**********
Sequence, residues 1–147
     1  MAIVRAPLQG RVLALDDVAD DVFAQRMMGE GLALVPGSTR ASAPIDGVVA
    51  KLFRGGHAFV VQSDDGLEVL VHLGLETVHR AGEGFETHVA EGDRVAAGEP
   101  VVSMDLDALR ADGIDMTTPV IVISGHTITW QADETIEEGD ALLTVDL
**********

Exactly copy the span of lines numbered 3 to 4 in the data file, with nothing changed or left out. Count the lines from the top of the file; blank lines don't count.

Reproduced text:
    51  KLFRGGHAFV VQSDDGLEVL VHLGLETVHR AGEGFETHVA EGDRVAAGEP
   101  VVSMDLDALR ADGIDMTTPV IVISGHTITW QADETIEEGD ALLTVDL